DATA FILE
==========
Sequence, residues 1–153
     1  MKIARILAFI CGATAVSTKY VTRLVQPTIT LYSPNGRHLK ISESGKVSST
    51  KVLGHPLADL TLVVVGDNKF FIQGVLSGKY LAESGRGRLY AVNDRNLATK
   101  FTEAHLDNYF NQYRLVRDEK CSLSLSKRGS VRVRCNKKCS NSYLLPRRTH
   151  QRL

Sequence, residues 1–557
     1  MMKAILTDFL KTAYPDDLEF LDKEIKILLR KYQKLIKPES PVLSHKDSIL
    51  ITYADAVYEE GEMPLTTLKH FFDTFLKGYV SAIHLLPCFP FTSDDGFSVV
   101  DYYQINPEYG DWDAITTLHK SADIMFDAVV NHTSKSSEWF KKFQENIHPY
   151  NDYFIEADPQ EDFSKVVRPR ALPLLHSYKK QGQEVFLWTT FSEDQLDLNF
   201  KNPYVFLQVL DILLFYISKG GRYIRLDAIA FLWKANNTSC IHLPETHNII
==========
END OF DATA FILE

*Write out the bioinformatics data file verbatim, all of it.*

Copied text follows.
Sequence, residues 1–153
     1  MKIARILAFI CGATAVSTKY VTRLVQPTIT LYSPNGRHLK ISESGKVSST
    51  KVLGHPLADL TLVVVGDNKF FIQGVLSGKY LAESGRGRLY AVNDRNLATK
   101  FTEAHLDNYF NQYRLVRDEK CSLSLSKRGS VRVRCNKKCS NSYLLPRRTH
   151  QRL

Sequence, residues 1–557
     1  MMKAILTDFL KTAYPDDLEF LDKEIKILLR KYQKLIKPES PVLSHKDSIL
    51  ITYADAVYEE GEMPLTTLKH FFDTFLKGYV SAIHLLPCFP FTSDDGFSVV
   101  DYYQINPEYG DWDAITTLHK SADIMFDAVV NHTSKSSEWF KKFQENIHPY
   151  NDYFIEADPQ EDFSKVVRPR ALPLLHSYKK QGQEVFLWTT FSEDQLDLNF
   201  KNPYVFLQVL DILLFYISKG GRYIRLDAIA FLWKANNTSC IHLPETHNII